Harmful bacteria found in dog food containing raw meat
A new study has revealed that many dog food products made with raw meat contain high levels of bacteria that threaten the health of both animals and people. According to the researchers, the products are particularly dangerous for infants, elderly adults, and individuals with weak immune systems.
Raw meat products are often considered to be a healthier, more natural alternative to commercial dog food products. Unlike commercial foods, however, raw meat products are not pasteurized to ensure the safety of their contents.
The researchers tested samples of 60 packs of raw meat products, which were produced by 10 different manufacturers in Sweden, Norway, Finland, Germany, and England. The dog food products all contained at least one of the following: uncooked meat or edible bones/organs from cattle, chicken, lamb, turkeys, pigs, ducks, reindeer, or salmon. Some of the products also contained vegetables and minerals.
The samples were analyzed for bacteria that could potentially pose a health risk to animals and people. The testing revealed that all 60 samples contained a family of disease-causing bacteria known as Enterobacteriaceae, which is indicative of fecal contamination.
The levels of Enterobacteriaceae varied widely among the different manufacturers, but over half of the samples contained levels that exceeded the limit set by the European Union (EU). C perfringens, another marker of fecal contamination and hygiene standards, was found in 18 samples.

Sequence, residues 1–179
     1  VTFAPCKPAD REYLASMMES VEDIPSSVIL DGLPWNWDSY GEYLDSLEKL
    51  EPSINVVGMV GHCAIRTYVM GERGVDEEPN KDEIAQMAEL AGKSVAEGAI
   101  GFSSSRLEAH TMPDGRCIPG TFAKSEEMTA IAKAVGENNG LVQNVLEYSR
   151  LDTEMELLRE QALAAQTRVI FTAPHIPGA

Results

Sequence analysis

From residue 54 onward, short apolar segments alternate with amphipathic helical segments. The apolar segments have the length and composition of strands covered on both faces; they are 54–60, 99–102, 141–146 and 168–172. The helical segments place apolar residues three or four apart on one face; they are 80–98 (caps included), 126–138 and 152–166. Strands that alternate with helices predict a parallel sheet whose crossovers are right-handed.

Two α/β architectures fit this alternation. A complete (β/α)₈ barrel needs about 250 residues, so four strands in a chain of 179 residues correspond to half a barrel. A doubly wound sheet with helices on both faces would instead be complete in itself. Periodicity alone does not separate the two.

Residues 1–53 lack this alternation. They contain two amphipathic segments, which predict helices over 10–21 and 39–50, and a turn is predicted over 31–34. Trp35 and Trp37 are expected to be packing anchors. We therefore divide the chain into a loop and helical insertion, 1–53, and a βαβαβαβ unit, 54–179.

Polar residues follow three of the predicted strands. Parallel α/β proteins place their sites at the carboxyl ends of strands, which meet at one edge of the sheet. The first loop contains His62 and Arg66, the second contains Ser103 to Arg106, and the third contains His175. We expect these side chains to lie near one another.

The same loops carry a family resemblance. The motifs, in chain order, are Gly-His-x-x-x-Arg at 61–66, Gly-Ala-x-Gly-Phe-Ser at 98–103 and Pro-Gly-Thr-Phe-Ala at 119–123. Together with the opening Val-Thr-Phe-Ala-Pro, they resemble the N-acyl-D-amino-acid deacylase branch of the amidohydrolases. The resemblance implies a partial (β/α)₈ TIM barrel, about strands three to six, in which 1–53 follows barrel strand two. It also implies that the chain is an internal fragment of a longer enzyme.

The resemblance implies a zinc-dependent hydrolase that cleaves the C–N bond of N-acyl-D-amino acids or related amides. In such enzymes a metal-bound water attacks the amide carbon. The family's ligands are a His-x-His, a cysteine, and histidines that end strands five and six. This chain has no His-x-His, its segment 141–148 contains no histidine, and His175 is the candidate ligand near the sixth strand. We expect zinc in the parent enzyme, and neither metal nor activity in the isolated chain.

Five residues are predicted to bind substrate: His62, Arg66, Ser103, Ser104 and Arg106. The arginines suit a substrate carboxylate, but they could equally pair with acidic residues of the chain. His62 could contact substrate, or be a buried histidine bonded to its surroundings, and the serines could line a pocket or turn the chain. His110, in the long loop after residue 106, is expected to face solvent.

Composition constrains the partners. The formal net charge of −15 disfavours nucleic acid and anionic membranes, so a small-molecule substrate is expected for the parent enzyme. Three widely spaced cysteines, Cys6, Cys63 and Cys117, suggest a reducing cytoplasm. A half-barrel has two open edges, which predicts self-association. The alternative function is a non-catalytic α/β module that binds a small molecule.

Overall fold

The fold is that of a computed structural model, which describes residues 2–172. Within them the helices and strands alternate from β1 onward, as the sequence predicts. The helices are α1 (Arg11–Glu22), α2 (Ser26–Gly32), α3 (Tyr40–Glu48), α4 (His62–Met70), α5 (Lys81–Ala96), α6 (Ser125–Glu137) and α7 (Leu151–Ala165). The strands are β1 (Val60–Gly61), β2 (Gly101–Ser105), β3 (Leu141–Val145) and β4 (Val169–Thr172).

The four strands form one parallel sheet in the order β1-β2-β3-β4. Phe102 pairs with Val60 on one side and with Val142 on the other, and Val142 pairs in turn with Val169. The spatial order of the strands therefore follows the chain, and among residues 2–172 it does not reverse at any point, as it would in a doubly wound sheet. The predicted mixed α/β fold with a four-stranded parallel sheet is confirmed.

E coli was found in about one-third of the samples, and Salmonella species were found in four out of 60 samples. While this does not sound like a lot, EU regulations do not permit Salmonella in any animal feed.
The research highlights the importance of careful storage, handling, and feeding of raw meat dog food products. The experts recommend that raw meat dog food should be kept frozen until use, thawed at 10 degrees Celsius, stored away from other food, and handled with separate kitchen equipment.
“Dogs in families with infants, elderly people or immunocompromised individuals should also not be fed (raw meat products), as these groups are more susceptible to infections,” wrote the study authors.
British Veterinary Association (BVA) Junior Vice President Daniella Dos Santos said that the research offers “further compelling evidence” to support concerns about the health risks associated with a raw meat-based diet.
“Bacteria such as E coli and Salmonella can cause significant gastrointestinal disease in animals. Pets can also shed potentially harmful pathogens present in raw food into their environment, so there is a risk to owners both in handling the food and coming into contact with the animal. Pet owners who choose to feed a raw food diet should be aware of the potential health risks and take full precautions while storing and handling the food,” said Dos Santos.
“BVA would also not recommend making a raw food diet at home without veterinary guidance due to the potential for nutritional deficiencies in homemade diets. We would advise any owner wanting to try a raw meat-based diet for their pet to first consult a veterinary surgeon.”
The study is published in the journal Vet Record.